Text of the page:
Feeding people is hard, and doing it
Feeding people is hard, and doing it “right” is even harder. I recently wrote a piece on what I refer to as nutrition-ism. Nutritionism describes the ideas and ideals we have surrounding food and nutrition which are largely driven by admired charismatic personalities and consumer media that are largely based on bits and scraps of evidence, bias, pre-conceived notions, anecdotes and probably a lot of psychological traps that we fall into over the best empirical efficacious evidence. This eminence vs evidence based nutrition is what often leads to unfounded and even obsessive notions that burgeon into worry and food-related neuroses within cancer culture.
At times like this, it hardly feels like a golden age of food, especially when you find yourself wandering the supermarket aisles trying to remember whether you should be buying organic or pastured or pasteurized. To feed and to be fed has become a guilt-ridden operation.
It is hard to cook whole, healthy and balanced meals, and there are many excuses to not do it. Whether it’s being too busy, having a kitchen that’s too small, or a store that’s too far away, or maybe you may not be confident in the kitchen or know where to start. So it becomes much easier to outsource this essential part of life to a restaurant. Cooking is hard.
And yet there’s a beautiful and often fearless giving that happens around a table where food is shared. It takes time to think of a dish or a menu, shop for ingredients, prepare the food and then clean up. It also takes money and patience. It takes dedication to learn what requirements need to be met and a commitment to learn individual preferences. All of which is confounded further when dealing with the eating difficulties that so often accompany cancer treatments.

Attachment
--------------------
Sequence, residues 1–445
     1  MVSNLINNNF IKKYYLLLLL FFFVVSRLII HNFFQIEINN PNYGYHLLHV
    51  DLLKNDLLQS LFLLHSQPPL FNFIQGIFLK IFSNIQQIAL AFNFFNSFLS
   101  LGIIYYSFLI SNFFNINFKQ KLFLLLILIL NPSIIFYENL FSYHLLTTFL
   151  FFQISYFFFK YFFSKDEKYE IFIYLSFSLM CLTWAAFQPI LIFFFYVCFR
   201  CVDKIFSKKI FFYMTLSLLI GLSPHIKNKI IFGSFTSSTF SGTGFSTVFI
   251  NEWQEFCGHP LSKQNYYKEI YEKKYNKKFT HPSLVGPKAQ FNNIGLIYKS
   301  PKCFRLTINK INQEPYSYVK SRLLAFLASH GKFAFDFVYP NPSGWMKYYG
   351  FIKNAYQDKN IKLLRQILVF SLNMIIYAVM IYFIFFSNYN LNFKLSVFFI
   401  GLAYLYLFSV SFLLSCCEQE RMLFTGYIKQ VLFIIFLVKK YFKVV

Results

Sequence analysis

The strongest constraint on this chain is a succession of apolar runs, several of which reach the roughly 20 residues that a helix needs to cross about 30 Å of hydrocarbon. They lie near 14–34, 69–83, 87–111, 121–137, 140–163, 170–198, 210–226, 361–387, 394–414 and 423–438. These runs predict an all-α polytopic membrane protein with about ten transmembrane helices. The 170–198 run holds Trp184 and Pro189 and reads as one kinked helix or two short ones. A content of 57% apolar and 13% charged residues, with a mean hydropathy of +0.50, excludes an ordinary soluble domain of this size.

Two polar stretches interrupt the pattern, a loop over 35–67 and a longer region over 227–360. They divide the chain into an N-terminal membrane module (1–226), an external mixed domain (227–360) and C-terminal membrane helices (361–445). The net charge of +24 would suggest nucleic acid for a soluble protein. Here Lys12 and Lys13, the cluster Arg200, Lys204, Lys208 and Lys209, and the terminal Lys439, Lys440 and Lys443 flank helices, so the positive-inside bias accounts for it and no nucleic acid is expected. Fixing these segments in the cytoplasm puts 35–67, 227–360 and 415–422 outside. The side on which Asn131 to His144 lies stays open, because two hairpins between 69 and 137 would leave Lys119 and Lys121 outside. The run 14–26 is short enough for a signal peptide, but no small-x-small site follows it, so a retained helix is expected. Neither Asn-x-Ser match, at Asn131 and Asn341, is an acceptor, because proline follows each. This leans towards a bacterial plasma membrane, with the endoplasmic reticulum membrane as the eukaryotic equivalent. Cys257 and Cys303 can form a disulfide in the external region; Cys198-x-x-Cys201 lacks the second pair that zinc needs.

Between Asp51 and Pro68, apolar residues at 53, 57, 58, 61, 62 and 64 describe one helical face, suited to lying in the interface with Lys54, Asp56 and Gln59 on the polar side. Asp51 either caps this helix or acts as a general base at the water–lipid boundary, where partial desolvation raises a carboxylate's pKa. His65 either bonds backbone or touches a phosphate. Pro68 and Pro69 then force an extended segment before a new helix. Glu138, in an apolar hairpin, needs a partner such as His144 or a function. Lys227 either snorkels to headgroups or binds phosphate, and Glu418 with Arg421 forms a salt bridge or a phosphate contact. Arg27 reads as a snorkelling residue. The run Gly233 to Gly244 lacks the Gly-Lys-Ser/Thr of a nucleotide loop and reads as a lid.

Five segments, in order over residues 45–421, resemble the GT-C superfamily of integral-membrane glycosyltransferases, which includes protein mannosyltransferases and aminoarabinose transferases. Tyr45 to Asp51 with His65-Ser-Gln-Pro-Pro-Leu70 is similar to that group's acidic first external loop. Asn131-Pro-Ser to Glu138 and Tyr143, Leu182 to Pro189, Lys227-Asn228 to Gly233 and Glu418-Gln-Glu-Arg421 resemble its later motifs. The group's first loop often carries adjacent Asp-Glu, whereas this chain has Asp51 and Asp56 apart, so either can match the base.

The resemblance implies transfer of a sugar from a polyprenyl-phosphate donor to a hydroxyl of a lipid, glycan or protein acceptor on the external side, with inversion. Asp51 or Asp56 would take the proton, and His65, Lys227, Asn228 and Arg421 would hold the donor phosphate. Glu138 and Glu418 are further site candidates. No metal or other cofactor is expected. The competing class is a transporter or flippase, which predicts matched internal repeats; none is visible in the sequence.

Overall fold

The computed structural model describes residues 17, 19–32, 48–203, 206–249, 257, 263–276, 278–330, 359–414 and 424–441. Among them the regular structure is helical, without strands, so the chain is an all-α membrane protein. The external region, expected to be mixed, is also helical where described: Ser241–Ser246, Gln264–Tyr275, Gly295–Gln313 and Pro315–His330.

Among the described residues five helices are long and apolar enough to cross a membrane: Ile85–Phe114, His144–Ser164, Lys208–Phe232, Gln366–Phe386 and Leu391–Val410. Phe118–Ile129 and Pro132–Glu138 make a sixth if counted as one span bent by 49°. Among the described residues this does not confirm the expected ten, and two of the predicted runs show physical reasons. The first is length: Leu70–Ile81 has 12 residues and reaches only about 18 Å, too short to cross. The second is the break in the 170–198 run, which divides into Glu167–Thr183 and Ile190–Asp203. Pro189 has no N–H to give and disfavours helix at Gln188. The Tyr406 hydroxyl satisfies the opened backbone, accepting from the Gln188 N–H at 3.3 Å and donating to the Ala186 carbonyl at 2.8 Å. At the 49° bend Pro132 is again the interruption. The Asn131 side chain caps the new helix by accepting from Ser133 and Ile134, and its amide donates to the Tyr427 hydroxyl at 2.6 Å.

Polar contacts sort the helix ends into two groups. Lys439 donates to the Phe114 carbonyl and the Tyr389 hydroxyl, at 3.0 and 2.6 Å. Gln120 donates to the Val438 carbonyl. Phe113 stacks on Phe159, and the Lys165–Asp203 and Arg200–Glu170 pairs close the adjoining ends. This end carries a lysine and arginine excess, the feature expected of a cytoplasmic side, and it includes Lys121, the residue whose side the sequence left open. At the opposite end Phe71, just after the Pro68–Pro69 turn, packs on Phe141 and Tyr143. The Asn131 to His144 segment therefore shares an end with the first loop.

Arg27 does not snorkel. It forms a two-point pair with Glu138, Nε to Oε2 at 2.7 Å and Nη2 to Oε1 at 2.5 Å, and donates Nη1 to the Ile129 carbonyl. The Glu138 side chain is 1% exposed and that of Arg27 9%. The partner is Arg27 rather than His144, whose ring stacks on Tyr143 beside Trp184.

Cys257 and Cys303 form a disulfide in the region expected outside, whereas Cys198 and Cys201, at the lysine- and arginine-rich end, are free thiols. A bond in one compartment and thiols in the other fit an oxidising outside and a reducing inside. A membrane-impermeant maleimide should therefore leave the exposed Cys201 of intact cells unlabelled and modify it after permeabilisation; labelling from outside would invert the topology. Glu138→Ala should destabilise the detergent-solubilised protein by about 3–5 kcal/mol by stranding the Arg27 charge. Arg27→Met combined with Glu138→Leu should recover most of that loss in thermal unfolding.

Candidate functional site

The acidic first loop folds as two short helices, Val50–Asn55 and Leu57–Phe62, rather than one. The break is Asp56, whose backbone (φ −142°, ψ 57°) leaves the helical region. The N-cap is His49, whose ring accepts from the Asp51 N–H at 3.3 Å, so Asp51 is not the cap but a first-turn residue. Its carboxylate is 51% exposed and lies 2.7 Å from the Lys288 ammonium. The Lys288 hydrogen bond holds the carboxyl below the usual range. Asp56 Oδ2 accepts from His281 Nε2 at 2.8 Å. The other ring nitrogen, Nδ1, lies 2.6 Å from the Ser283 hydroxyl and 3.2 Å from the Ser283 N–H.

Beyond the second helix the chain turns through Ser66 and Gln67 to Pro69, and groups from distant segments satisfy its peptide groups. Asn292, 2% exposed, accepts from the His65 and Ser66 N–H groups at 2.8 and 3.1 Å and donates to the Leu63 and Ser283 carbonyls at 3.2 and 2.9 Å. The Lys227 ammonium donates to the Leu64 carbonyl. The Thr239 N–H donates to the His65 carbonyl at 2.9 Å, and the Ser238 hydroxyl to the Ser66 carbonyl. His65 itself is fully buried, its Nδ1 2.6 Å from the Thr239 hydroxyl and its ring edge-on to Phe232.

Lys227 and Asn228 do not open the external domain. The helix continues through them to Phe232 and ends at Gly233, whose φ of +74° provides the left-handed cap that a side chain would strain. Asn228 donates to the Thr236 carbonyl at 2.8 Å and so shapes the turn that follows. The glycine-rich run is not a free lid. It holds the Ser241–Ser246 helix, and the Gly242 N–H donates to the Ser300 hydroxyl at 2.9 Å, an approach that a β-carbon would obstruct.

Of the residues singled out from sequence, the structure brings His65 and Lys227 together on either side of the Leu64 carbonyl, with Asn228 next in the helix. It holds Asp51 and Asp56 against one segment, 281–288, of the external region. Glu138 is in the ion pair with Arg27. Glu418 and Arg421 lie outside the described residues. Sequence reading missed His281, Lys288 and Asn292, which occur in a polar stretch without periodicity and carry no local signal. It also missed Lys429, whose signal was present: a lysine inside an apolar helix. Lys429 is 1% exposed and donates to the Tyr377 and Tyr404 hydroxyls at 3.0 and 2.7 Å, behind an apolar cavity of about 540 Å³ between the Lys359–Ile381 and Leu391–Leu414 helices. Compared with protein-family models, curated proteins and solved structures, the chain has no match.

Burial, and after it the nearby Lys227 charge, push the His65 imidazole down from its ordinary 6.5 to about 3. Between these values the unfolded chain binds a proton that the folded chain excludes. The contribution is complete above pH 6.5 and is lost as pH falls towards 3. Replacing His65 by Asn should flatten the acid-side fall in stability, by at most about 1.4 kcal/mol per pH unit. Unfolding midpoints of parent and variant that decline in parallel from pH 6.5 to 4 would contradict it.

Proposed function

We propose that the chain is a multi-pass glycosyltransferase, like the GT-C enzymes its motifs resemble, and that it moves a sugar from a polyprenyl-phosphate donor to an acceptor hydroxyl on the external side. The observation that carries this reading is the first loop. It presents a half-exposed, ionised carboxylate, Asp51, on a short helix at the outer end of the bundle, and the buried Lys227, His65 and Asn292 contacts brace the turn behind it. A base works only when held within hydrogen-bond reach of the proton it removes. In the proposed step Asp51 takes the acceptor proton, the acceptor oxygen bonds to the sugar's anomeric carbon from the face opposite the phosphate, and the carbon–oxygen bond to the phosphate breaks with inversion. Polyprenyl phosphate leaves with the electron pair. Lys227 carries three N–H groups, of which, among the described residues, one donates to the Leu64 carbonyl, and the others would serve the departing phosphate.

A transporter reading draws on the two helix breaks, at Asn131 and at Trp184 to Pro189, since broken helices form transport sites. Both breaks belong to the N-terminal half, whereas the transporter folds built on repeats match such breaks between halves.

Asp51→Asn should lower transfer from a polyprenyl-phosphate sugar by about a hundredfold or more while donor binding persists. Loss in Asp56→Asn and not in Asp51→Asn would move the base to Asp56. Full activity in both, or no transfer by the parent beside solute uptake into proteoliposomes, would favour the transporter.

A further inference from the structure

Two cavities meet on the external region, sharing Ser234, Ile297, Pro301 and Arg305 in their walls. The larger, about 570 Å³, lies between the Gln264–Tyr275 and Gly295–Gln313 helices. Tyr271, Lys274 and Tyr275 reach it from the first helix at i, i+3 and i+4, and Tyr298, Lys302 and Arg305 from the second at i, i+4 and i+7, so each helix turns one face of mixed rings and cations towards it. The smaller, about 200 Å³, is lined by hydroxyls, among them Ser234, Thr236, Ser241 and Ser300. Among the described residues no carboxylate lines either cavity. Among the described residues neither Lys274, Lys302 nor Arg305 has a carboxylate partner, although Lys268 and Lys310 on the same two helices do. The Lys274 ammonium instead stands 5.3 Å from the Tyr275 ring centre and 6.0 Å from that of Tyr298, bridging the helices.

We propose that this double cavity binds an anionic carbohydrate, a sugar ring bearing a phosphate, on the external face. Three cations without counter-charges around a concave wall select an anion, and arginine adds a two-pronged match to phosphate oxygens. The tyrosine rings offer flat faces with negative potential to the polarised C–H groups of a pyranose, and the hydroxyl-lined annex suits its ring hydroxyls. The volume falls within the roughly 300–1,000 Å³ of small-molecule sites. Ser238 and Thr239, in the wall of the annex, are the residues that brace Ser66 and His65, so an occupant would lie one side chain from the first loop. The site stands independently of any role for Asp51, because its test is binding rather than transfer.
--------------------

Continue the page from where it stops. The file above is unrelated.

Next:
To feed and to be fed is an act of generosity and love. Sometimes this is an expression of the support patients need. Sometimes this is an expression of the support caregivers need to provide. Sometimes this expression can be overpowering, and even desperate. Yet it’s coming from a good place. For many patients, shifting from the “to feed” to the “to be fed” role can be challenging. Some people don’t want to feel like patients, and this transition is hard. Allowing oneself to be cared for is hard.
The solution is to communicate. As an oncology dietitian, it is part of my job to foster a productive exchange between patients and caregivers about food and about how to feed and be fed is so much more than the food itself. It’s about the things that food represents. It’s about healing and support but also frustration and illness. The solution is to communicate, in a nonjudgmental way, to identify needs of all parties including those food and nutrition ideas and ideals, and comprise to reconcile them.
Many times has history shown us that practices that we believed to have been legitimate, like blood-letting or even mercury administration, were really proven to be non-therapeutic or downright toxic. I don’t think patients shouldn’t try certain food/nutrition interventions that he/she may believe to be therapeutic. On the contrary. I believe that trying something that has strong patho-physiological basis is what spurs scientific discovery. The only thing in medicine and wellness that is dishonorable is when someone believes that they do not have the potential for being wrong and they do not have the desire to inquire further about whether something may or may work. The most important thing is to communicate with family members and the medical team to avoid risk of reducing the efficacy of treatment.
Eating isn’t easy. Feeding someone else is even harder. Nutrition science isn’t perfect and it remains important to maintain a healthy skepticism about everything we believe and do. I strongly encourage every cancer patient or caregiver to enlist the assistance of an oncology registered dietitian to help spur the best communication to feed and be fed.
Amanda Bontempo, M.S. R.D. C.D.N.